Browsing M.Sc. Biological Sciences by Subject "Oxidases."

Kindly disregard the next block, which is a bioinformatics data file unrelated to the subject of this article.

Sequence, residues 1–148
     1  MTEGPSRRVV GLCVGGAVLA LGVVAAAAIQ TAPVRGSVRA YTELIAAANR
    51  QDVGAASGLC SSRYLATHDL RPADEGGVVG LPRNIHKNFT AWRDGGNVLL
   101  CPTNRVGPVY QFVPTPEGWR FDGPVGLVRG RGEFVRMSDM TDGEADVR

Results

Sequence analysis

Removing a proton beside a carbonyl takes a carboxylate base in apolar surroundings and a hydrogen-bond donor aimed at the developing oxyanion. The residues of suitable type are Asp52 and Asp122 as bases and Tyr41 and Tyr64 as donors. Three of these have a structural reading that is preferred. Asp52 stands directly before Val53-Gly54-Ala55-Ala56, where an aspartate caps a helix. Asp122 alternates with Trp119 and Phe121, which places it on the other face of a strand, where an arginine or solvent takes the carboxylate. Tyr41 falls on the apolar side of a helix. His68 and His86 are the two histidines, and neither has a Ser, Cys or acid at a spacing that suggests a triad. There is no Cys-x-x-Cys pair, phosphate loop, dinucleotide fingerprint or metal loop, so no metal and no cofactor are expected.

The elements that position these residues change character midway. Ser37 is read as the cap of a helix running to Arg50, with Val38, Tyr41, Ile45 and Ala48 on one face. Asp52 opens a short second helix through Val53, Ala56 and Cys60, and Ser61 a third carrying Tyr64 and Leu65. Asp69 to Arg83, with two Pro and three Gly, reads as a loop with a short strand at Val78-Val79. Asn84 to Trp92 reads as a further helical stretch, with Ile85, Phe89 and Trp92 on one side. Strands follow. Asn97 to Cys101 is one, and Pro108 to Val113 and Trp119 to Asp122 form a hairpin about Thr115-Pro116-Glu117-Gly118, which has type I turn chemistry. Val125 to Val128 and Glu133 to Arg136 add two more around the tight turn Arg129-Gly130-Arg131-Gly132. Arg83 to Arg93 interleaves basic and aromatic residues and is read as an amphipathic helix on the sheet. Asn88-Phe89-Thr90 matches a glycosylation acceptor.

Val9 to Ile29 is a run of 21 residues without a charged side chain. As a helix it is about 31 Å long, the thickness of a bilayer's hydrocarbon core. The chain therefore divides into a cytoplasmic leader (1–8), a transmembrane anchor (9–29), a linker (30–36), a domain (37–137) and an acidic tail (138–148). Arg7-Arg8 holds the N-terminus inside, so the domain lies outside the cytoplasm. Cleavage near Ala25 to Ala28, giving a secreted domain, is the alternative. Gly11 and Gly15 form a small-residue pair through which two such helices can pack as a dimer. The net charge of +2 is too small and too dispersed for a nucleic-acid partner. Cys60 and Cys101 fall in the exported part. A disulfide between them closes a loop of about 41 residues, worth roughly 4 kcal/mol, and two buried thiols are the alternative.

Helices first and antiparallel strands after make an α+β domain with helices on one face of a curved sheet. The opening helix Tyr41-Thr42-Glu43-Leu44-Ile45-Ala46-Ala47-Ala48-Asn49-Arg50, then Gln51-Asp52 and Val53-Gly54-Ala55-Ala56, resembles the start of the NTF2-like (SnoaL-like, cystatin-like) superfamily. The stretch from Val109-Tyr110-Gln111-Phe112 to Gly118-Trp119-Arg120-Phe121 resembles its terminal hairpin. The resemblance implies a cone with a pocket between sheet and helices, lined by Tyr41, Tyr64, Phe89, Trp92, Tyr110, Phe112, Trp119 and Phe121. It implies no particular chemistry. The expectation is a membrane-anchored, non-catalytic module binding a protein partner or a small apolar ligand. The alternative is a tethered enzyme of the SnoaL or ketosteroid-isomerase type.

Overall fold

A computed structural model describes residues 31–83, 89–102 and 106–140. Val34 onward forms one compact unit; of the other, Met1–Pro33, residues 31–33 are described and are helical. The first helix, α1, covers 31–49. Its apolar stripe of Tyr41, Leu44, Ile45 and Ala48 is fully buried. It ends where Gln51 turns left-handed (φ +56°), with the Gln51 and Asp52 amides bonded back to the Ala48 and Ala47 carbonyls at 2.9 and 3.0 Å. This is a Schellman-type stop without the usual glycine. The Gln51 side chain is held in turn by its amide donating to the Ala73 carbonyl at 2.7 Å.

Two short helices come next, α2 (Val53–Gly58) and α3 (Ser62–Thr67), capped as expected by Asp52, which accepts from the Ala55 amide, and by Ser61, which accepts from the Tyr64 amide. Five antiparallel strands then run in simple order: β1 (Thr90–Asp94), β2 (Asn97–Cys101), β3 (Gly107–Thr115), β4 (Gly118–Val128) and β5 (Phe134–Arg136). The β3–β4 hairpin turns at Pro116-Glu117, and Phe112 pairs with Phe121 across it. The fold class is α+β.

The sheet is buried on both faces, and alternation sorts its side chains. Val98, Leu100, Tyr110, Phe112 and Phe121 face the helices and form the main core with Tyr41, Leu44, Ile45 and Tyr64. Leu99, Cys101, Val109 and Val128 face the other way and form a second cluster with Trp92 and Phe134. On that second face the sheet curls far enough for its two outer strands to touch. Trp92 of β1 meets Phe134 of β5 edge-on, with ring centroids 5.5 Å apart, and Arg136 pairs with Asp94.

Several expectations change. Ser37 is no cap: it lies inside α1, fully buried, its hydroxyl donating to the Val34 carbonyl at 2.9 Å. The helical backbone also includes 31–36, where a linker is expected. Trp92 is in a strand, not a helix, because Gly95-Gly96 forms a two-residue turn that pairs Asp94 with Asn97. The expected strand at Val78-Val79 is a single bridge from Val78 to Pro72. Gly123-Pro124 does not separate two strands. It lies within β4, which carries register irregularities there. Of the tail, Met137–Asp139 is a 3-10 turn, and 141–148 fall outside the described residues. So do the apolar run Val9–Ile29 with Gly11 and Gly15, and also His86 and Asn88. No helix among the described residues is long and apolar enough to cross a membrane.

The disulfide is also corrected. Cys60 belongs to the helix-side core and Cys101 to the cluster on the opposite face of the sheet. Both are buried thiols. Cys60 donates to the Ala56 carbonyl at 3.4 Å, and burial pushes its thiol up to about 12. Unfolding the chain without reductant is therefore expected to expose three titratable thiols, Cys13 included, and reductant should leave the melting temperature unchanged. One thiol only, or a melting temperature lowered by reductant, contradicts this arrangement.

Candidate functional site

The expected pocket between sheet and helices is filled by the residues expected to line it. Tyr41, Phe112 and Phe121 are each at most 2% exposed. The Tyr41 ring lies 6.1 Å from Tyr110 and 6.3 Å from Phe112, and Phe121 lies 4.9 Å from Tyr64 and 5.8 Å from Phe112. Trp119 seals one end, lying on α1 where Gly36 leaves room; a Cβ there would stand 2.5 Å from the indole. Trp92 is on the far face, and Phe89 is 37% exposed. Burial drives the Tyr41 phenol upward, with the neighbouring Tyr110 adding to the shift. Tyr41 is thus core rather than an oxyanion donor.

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Analysis of a temperature sensitive mutation affecting aldehyde oxidase activity in Drosophila melanogasterA strain of Drosophila melanogaster (mid america stock culture no. hl16) has been reported to be deficient in aldehyde oxidase activity (Hickey and Singh 1982). This strain was characterized during the course of this study and compared to other mutant strains known to be deficient in aldehyde oxidase activity. During the course of this investigation, the hl16 strain was found to be temperature sensitive in its viability. It was found that the two phenotypes, the enzyme deficiency, and the temperature sensitive lethality were the result of two different mutations, both mapping to the X-chromosome. These two mutations were found to be separable by recombination. The enzyme deficiency was found to map to the same locus as the cinnamon mutation, another mutation which affects aldehyde oxidase production. The developmental profile of aldehyde oxidase in the hl16 strain was compared to the developmental profile in the Canton S wild type strain. The aldehyde oxidase activity in adult hl16 individuals was also compared to that of various other strains. It was also found that the aldehyde oxidase activity was temperature sensitive in the adult flies. The temperature sensitive lethality mutation was mapped to position 1-0.1.